I know people who are brave enough to take on a strict diet, restrict their calories, or eliminate big food groups when they want to lose weight. Yet they resist journaling for weight loss. That seems too easy. And how can it help?
You might be as surprised as this puppy.
Most research about journaling involves “expressive writing”. That means recording your thoughts and feelings about your life, including past trauma and hard times. In my journaling practice I allow thoughts to flow freely, I write down whatever comes to mind. It’s best not to get bogged down recording events, as perhaps you did if you had a diary in elementary school. “Dear Diary, I went to school. I came home. I had a snack. I played with the dog.”
Although there are many apps or digital services available for journaling, I like to write by hand in a good-quality notebook. Writing by hand helps connect to thoughts and emotions, and assists brain processing.
Journaling for Mental Health
According to research, the mental health benefits of expressive writing seem to be as effective as more involved, time-consuming, and expensive treatments.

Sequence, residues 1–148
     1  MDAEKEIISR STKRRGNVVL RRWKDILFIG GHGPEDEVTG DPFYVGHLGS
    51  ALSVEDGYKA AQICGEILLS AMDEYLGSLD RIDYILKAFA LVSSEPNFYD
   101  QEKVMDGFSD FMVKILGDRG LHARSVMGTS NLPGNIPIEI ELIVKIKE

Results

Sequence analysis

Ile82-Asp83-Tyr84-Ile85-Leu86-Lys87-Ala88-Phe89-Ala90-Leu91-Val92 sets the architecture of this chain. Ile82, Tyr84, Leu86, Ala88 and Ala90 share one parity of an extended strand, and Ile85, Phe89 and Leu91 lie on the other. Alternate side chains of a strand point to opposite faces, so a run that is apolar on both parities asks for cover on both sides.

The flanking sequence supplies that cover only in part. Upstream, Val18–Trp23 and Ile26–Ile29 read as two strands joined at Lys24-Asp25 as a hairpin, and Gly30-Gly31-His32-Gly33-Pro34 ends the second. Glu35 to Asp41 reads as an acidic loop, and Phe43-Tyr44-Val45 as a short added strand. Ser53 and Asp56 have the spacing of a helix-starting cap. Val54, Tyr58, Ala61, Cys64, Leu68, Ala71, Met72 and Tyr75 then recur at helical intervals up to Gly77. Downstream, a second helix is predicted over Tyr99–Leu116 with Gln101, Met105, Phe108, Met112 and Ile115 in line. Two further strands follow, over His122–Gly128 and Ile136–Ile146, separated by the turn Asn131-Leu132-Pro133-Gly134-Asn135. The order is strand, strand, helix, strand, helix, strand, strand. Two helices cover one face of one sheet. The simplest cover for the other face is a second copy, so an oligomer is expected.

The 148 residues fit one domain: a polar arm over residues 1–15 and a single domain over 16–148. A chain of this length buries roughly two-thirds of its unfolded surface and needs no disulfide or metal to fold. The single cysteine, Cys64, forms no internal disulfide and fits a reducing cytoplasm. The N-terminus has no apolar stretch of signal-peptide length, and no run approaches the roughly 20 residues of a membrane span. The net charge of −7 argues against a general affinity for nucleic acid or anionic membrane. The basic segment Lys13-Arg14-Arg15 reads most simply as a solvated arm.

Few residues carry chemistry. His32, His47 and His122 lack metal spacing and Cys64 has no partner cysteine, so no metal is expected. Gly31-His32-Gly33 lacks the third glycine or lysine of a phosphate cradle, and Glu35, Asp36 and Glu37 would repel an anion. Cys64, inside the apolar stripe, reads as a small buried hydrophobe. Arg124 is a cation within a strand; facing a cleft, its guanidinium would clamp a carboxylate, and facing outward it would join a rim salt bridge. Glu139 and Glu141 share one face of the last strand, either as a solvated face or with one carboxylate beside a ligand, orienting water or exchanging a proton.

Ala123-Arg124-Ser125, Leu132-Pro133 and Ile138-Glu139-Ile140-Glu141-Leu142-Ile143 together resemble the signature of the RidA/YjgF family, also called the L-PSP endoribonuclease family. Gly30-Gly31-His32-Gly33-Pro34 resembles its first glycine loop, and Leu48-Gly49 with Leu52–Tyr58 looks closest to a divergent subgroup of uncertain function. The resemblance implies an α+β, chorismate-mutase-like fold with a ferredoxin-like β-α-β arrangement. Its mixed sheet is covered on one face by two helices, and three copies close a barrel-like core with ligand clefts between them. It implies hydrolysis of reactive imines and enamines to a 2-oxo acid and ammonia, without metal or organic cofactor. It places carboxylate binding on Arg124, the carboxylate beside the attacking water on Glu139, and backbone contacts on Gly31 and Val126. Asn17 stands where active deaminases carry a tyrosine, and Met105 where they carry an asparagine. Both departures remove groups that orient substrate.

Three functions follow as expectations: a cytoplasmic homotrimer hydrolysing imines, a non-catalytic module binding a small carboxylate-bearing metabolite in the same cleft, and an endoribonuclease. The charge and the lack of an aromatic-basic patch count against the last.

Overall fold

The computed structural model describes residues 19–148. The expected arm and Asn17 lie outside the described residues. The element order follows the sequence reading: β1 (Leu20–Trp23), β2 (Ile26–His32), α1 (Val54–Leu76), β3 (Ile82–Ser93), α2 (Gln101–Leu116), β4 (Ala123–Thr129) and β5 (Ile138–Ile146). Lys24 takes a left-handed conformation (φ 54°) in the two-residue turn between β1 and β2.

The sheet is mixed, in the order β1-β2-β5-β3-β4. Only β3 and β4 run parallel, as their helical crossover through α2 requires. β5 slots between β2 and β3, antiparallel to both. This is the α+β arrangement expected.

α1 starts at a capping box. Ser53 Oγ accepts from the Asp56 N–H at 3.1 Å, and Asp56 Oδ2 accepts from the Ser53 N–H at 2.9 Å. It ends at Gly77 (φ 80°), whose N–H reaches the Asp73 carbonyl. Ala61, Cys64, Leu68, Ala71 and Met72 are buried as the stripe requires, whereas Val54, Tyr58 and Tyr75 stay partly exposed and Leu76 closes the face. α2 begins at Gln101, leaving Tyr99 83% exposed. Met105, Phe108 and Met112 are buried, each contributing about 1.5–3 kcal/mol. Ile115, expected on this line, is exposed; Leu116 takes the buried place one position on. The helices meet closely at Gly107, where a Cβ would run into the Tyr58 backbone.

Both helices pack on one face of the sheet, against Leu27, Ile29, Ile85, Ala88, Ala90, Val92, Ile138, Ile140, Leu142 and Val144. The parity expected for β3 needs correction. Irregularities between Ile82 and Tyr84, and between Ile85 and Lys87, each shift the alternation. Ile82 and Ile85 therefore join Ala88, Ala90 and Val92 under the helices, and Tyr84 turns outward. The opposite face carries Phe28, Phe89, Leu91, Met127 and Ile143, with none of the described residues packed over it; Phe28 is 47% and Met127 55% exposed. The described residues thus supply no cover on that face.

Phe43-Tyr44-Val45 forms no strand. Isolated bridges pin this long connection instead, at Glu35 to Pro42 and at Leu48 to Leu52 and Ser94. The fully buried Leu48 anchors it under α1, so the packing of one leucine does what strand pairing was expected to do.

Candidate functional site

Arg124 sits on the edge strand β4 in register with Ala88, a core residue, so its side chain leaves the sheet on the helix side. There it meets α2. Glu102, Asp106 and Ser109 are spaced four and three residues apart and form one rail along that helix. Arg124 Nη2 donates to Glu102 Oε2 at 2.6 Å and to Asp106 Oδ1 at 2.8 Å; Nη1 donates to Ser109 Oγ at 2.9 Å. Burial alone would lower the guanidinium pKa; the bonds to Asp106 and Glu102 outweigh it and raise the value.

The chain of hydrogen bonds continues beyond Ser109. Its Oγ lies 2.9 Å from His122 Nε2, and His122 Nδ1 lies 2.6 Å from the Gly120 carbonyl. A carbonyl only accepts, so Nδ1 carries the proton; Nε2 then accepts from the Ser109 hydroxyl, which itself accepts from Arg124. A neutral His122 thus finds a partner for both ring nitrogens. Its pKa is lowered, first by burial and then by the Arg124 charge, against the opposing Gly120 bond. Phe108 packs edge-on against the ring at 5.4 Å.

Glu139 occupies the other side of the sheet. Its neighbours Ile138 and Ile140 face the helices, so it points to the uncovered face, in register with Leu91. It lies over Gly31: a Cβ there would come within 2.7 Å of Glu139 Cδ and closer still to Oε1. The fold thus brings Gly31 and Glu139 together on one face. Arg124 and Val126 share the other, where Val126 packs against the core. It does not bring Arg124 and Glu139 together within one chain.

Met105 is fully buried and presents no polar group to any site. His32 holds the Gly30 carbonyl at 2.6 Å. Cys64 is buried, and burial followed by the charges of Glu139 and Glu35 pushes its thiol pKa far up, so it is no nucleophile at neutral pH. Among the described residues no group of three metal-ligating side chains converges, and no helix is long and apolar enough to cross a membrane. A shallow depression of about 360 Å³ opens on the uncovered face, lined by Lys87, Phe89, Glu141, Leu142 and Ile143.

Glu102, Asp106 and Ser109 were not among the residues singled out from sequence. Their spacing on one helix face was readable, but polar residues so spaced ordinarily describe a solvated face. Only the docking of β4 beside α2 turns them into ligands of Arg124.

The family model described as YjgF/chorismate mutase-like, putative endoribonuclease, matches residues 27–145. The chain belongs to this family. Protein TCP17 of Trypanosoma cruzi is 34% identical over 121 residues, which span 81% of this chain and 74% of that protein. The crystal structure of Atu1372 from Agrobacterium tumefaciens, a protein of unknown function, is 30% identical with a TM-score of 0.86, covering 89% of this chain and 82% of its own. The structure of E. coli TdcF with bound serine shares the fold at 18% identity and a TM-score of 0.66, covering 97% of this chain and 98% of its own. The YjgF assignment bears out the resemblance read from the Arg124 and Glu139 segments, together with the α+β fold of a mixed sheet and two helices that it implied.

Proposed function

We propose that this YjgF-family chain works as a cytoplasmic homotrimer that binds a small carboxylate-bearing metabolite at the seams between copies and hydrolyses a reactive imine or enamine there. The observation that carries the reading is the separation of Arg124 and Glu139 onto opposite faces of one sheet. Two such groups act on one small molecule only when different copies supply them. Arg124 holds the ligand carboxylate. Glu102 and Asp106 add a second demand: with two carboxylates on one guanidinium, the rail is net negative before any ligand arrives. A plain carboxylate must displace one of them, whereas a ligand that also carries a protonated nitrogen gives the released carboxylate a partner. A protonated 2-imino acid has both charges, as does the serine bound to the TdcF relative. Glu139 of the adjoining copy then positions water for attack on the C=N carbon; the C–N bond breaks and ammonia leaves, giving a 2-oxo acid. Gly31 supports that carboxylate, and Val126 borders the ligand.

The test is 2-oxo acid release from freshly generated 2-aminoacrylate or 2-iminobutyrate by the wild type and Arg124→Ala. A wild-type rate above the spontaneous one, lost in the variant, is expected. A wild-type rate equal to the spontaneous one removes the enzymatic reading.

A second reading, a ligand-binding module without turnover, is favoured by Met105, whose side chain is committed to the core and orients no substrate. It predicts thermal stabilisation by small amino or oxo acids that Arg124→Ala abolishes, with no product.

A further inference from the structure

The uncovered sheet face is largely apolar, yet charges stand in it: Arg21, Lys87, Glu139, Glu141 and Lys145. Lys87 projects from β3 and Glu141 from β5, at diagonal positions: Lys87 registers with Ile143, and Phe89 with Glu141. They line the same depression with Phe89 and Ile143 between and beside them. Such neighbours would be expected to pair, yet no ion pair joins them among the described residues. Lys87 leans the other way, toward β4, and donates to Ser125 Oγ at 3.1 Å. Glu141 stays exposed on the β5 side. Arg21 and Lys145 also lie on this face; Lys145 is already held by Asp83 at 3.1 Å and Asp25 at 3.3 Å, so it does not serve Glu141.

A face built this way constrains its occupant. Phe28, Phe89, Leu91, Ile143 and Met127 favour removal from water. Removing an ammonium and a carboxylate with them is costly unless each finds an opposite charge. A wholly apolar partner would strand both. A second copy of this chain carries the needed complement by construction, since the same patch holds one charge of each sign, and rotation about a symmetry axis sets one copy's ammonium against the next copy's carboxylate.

That means medication, therapy, or support groups. What a great benefit! Do seek medical and psychological help, but also consider adding journaling to your health practices.
However, studies in 2002 and 1996 found expressive writing was detrimental for adult survivors of childhood abuse, and some veterans with PTSD. If that describes you, please see a mental health professional before starting to journal.
Journaling for Weight Loss
An oft-cited study found that people who kept detailed food records lost twice as much weight as those who didn’t. https://doi.org/10.1016/j.amepre.2008.04.013 Recording what you eat and how you exercise gives you more awareness and commitment to planned behavior changes. Yet I believe there are other benefits of journaling for weight loss.
Quite often we don’t eat because we’re hungry. We eat to soothe ourselves after a stressful day, we eat because we’re bored, we eat to give a reward. Food helps cope with a life we don’t enjoy. By journaling affirmations, gratitudes, and positive stories as described in the next section, you live with more positive energy, and may have less need for food for comfort. In addition, it takes mental energy to block thoughts about negative and traumatic events. This creates stress for the body. Confronting and acknowledging your reality through journaling may lower the work of thought inhibition, and reduce the stress on your body–stress that leads to overeating.
Suppressing emotions has also been linked to low vagal tone, a measure of heart function. Low vagal tone may increase sensitivity to stress and increase bodily reactions to life and environmental stress.
While hard topics may come out in journaling, don’t focus exclusively on describing bad experiences. Aim for a free flow of expression, an uncensored brain dump. If traumatic experiences come up, let them appear naturally, without being forced. New ideas and intentions will also appear, like a light bulb going off without you having to flip the switch.